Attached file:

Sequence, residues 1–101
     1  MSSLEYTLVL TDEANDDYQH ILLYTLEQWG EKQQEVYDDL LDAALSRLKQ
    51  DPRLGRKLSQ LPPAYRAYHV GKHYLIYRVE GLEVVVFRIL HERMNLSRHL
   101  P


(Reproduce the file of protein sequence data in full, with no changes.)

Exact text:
Sequence, residues 1–101
     1  MSSLEYTLVL TDEANDDYQH ILLYTLEQWG EKQQEVYDDL LDAALSRLKQ
    51  DPRLGRKLSQ LPPAYRAYHV GKHYLIYRVE GLEVVVFRIL HERMNLSRHL
   101  P